Japanese stock market plunge continues

Economists are calling it a correction, critics are calling it a disaster and Japanese government officials are calling it a transitory effect of so-called "Abenomics," a fiscal and monetary methodology that mimics many of the efforts undertaken by the U.S. government and the Federal Reserve. Central bank authorities in the island nation pushed trillions of yen worth of liquidity into the market, which had an immediate effect of sending stocks to record highs. However, in the weeks since Prime Minister Shinzo Abe re-took his old office, investors have grown increasingly anxious about the country's towering debt load and seeming inability to spark economic growth.

According to Bloomberg News, the Nikkei index fell 4.8 percent only a week after a similar 6.9 percent plunge. While late-hour action by buyers provided some support, critical elements of the Japanese economy – including real estate – continued to show signs of rapid deterioration. The TOPIX real estate index has fallen 20 percent during the past month, Zero Hedge reported, suggesting that even appetites for normally safe industries such as housing are exhibiting proof that Japan's debt crisis may be worsening.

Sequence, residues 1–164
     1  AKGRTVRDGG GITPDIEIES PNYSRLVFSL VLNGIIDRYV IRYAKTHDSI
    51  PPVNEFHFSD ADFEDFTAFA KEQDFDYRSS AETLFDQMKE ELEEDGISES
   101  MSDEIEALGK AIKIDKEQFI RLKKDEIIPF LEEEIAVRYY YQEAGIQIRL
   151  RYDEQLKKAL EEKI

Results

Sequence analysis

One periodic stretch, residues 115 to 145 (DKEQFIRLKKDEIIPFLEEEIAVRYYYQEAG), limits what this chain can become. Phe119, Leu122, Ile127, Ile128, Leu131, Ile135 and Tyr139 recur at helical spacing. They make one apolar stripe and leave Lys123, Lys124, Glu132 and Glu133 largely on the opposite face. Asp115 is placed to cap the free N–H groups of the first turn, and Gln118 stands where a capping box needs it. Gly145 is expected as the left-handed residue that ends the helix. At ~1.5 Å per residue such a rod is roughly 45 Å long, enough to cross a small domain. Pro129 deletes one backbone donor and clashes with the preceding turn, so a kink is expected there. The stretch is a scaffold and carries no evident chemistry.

For their part, officials from the Abe administration are stressing that recent developments are just a knee-jerk reaction and that long-term growth outlooks – despite energy shortages and a worsening situation in Fukushima – remain strong.

"It's natural that stocks will move randomly," Koichi Hamada, one of the prime minister's advisors, said in Tokyo on May 29. "Excessive upward or downward moves can happen any time."

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